How to Count Body Scales

Dorsal Scale Counts

These are counted one head length behind the head, one head length in front of the anal scale and at midbody. Do not count the ventral scales.

Ventral Scale Counts

To count ventrals you must locate the first one. If you look at the image above, which is a part of the head, you will see a row of scales that appears to start adjacent to the ventral scales - it does not go all the way forwards to the head. The scale that lies next to the first scale in this row is the first ventral.

You count backwards until the last scale before the anal plate.

Caudal Scale Counts

The first subcaudal is that scale - or pair of scales - that meets the lateral scales. Count backwards to the scale - or pair - immediately before the conical tip. If the snake appears to have lost part of its tail put a plus sign before your count to indicate that there were more subcaudals.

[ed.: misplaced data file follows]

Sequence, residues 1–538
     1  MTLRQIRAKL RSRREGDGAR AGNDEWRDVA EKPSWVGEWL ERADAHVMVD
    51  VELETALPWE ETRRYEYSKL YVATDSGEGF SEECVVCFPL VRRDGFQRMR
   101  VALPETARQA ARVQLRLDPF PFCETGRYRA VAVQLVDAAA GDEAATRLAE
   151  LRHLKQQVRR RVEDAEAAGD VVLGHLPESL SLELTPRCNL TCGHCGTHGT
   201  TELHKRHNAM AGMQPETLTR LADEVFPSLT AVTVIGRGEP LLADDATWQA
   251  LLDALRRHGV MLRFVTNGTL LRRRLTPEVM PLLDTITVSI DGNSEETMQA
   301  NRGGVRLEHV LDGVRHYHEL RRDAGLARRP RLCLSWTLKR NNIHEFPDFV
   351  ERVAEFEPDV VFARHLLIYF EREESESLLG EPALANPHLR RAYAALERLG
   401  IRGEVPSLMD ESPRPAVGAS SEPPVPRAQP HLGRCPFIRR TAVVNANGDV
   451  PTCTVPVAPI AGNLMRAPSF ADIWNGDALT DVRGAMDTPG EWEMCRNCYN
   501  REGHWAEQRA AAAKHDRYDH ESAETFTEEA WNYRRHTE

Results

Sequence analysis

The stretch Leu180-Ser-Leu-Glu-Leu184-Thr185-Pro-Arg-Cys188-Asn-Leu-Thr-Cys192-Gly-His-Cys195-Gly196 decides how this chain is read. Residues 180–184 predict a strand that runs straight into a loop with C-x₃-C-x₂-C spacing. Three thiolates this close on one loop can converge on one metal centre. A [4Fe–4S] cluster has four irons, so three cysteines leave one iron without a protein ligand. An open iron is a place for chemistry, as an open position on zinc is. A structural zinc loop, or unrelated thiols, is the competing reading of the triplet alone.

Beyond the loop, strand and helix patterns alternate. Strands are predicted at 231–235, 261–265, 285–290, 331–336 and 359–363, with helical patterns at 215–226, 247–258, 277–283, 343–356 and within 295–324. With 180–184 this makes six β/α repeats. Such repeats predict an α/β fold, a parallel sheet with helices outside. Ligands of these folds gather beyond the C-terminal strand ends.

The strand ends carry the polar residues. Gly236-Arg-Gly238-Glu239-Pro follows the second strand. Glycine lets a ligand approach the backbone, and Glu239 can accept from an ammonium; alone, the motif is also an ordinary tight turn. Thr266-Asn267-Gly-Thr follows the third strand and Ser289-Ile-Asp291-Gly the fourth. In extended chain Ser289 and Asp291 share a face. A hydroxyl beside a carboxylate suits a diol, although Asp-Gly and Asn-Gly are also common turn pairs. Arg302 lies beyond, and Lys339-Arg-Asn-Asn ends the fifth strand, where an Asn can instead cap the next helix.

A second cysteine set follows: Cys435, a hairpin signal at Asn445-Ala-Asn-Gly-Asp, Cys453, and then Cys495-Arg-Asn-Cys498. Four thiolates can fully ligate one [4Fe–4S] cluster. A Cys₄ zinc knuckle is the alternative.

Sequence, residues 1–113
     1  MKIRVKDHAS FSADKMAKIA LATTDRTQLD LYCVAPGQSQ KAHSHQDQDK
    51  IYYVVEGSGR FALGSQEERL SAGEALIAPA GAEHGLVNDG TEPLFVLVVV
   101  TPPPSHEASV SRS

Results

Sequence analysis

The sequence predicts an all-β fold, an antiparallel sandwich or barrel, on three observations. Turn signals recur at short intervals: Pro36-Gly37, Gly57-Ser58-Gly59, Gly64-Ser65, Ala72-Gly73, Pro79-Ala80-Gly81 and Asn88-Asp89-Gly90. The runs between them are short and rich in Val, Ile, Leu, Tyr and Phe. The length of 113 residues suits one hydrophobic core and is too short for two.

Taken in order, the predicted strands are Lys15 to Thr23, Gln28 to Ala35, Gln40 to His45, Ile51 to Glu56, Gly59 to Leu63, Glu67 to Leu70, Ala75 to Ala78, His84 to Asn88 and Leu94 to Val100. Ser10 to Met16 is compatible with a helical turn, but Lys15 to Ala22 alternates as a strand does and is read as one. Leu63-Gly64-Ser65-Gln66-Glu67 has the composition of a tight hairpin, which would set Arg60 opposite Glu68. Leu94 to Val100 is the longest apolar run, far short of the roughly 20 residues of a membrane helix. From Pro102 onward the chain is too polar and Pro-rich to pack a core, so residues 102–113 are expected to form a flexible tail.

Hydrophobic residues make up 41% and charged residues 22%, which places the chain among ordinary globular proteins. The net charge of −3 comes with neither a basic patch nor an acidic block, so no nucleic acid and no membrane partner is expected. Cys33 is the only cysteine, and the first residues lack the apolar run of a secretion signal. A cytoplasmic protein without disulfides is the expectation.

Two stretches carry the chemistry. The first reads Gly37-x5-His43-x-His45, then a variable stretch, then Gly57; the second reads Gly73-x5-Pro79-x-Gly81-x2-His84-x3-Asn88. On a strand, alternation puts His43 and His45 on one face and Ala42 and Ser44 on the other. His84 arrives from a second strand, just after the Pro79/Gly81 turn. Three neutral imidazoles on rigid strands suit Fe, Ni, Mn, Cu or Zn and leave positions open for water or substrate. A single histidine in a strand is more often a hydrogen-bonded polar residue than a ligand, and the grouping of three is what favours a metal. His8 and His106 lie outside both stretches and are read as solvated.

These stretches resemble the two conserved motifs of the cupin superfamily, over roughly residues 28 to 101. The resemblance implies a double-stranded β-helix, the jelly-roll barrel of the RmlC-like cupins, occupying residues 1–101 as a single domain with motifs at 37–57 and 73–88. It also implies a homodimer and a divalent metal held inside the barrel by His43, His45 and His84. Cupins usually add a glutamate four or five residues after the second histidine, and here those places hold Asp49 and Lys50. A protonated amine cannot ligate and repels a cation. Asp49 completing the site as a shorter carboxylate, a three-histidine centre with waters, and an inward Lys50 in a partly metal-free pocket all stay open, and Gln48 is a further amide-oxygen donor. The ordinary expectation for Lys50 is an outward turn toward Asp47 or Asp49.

Keeled or Smooth?

A snake can have keeled or smooth scales. A keeled scale has a ridge running longitudanally down it. Sometimes dorsal scales can be double-keeled and have two ridges.

Keeled Scales
Keeled Scales
Smooth Scales
Smooth Scales

Back to the Scale Count.
Copyright: Séan Thomas & Eugene Griessel - Dec 1999.